This food regulator needs to step up to the plate

Context: The Food Safety and Standards Authority of India (FSSAI) is expected to issue a draft regulation for labels on front of food packets that will inform consumers if a product is high in salt, sugar and fat. It is expected to propose a system under which stars will be assigned to a product.

The draft regulation is based on a study commissioned by the FSSAI and conducted by IIM-Ahmedabad.

As per this article, the study has many methodological errors. Hence, the FSSAI cannot go ahead with a draft regulation based on a highly contested study design and whose findings are not yet peer reviewed.

Its decision to stick to a Health Star Rating based on an algorithm known to the food industry only, as a front of pack labelling, is without sound logic or evidence.

What are the associated concerns?

We need to reduce the production, the marketing and the availability of such unhealthy foods.

Even if available, we need to change consumer behaviour in purchasing such processed food by due warning of their contents using the labels on the packets.

The World Health Organization (WHO) has issued a threshold for sugar, salt, fat, and calories per 100 grams of processed food packaged or 100 ml of liquid beverages bottled. Unless we generate competing technical data for the Indian population, we have to abide by WHO norms.

– We cannot relax thresholds to suit the industry, but industry must alter its composition to healthy limits. The FSSAI must ensure that.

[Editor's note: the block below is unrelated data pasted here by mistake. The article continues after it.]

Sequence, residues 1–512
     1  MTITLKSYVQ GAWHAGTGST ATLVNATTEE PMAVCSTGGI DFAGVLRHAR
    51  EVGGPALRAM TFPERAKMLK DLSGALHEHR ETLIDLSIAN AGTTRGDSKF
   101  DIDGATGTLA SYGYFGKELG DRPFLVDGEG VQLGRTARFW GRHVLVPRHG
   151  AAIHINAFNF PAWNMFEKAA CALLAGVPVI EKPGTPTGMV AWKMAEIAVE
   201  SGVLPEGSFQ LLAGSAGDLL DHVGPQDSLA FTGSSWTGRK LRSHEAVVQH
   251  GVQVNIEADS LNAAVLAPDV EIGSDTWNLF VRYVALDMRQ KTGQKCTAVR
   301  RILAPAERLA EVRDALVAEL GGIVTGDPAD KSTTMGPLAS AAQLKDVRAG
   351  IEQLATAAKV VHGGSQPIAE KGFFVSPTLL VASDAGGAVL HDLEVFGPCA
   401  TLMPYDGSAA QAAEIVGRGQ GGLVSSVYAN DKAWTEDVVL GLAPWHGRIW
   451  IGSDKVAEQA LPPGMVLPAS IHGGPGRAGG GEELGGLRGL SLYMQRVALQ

Any order or guideline issued in public interest must be mandatory from day one. We cannot have the flexibility of voluntary adoption and staggered implementation.

No one denies that the Indian Institute of Management Ahmedabad is an institute of repute, but so are many others which were not invited or given a chance to bid for such a large expensive study.

On Front of the Package labelling: The participants of the study must have the capacity to objectively evaluate the various formats of FOPL based on the information content. They must have the ability to compare and identify least harmful, or identify higher content than recommended. Opinion of the consumer, who is not knowledgeable or illiterate, is pointless.

The authors admit in this study that 13.8% of respondents have not had schooling at all or are illiterate, while 28%-35% of respondents are those who never read food labels. Therefore, they should have been excluded from making a relative comparison between labels in this study.

Missing data: The exclusion of young adolescent children aged 10-18 years — who are big consumers of packaged biscuits chips and bottled soft drinks — from the study is a big methodological error. It is a case of significant missing data.

Source: This post is based on the article “This food regulator needs to step up to the plate” published in The Hindu on 11th May 22.

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